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EURO 2016: Deschamps’ defensive dilemma could decide France vs. Iceland

France Training Session and Press Conference - UEFA Euro 2016

PARIS, FRANCE - JUNE 09: Didier Deschamps (C) manager of France is seen during training session ahead of the UEFA EURO 2016 Group A match between France and Romania at Stade de France on June 9, 2016 in Paris, France. France and Romania will contest the opening match of the tournament on June 10. (Photo by Clive Rose/Getty Images)

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SAINT-DENIS, France (AP) France coach Didier Deschamps has a dilemma in defense for the European Championship quarterfinal against Iceland on Sunday.

With Adil Rami being suspended, he must pick either untested Samuel Umtiti or the out-of-form Eliaquim Mangala to partner Laurent Koscielny at center half.

[ FOLLOW: All of PST’s EURO 2016 coverage ]

Umtiti has never played for France, while Mangala did not feature in any pre-tournament warmup matches and he has looked low on confidence in training.

Before the competition started, Deschamps faced serious problems in central defense. He lost Real Madrid’s Raphael Varane, Chelsea’s Kurt Zouma and Barcelona’s Jeremy Mathieu to injury - while Liverpool’s Mamadou Sakho was suspended for a doping violation at the time Deschamps named his squad.

Varane and Sakho both played at the World Cup two years ago, thus robbing Deschamps of valuable experience at Euro 2016.

The 22-year-old Umtiti is soon expected to complete a move from Lyon to Barcelona. If selected, it will be a massive game for him against rugged Iceland.

[ MORE: EURO darlings Iceland thrive with odd-couple coaching duo ]

“They have two tall strikers who have a lot of presence, they are athletic and strong,” Deschamps told a news conference on Saturday. “I can’t make my players taller by adding a few centimeters. It’s a question of being strong in the challenges and paying close attention to the second ball.”

Deschamps initially left Umtiti out of his squad, penciling him in as a reserve and then only calling him up because of injuries.

Lyon finished bottom of its group in last season’s Champions League and Umtiti was criticized for a spate of poor performances.

Whilst not revealing who will start the game, Deschamps talked up Umtiti’s ability.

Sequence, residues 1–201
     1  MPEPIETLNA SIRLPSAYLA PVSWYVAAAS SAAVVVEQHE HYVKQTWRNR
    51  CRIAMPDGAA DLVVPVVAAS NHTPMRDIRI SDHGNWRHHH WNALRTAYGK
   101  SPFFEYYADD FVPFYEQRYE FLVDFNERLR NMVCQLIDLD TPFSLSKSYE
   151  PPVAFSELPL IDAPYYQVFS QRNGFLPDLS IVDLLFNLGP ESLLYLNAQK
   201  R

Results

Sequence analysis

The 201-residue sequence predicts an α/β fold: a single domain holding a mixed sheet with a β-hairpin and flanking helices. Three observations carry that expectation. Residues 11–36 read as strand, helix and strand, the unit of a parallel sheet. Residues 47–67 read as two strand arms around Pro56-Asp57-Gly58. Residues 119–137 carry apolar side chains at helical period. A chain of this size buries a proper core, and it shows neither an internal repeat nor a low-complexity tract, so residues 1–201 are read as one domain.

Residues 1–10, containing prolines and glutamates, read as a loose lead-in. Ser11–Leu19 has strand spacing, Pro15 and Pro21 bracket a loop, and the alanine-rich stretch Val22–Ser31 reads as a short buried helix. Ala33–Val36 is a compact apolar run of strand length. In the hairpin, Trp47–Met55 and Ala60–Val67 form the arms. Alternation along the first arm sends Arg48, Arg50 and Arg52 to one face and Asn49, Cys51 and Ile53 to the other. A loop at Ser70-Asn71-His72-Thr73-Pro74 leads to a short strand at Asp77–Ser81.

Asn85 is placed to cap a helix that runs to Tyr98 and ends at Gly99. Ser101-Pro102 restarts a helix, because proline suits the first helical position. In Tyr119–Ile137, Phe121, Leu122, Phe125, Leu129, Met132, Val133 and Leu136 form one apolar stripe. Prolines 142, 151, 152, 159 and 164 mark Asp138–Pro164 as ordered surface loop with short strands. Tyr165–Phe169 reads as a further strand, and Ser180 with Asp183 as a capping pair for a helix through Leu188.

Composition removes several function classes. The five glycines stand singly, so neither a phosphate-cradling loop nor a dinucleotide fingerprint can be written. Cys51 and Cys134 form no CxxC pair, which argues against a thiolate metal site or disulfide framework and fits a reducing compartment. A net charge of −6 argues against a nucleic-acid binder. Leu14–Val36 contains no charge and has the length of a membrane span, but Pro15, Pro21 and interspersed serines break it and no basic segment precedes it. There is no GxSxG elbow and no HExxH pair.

“If he’s joining (Barcelona) it’s not down to luck,” Deschamps said. “He passes well from the back; he’s strong in the challenge and has what it takes to play at the highest level.”

[ MORE: Germany outlast Italy in epically bad PK shootout to reach semis ]

The 25-year-old Mangala, who has played seven times for France, joined Manchester City from Porto for 31.9 million pounds ($42.3 million) two years ago.

But he has yet to hold down a regular place.

At 1.88 meters (6-foot-2) and weighing 84 kilograms (185 pounds), Mangala is taller and stronger than Umtiti - who is 1.80 meters (5-foot-11) and weighs nearly 10 kilograms (22 pounds) less.

Although that seems to make Mangala the better choice given Iceland’s physical threat, Deschamps appears to have limited faith in the player and has not selected him since October.

Whoever plays at Stade de France might seek reassurance from goalkeeper Hugo Lloris, the captain, and right back Bacary Sagna.

Both are very experienced.

“I have a lot of responsibility to show young players the way forward,” said the 29-year-old Lloris, who stands to win his 80th cap. “I have to get the right message across to them.”

[ MORE: Wales shock Belgium | Portugal downs Poland on PKs ]

Sagna, who has 61 caps, added that “communication will be the key to the match” considering France’s new-look back four.

France must also deal with the threat from Iceland midfielder Aron Gunnarsson’s long throws.

“From 35 or 40 meters out it’s like a free kick for them,” Deschamps said. “We’ve been working on that this week.”

Should the game be decided by a penalty shootout, picking France’s five takers might give Deschamps another headache.

France has not been practicing penalty kicks.

“I’ve never done it,” Deschamps said. “For the simple reason that taking penalties, when you’re relaxed in training, is no comparison to what you are going to experience after 120 minutes, in front of a full stadium.”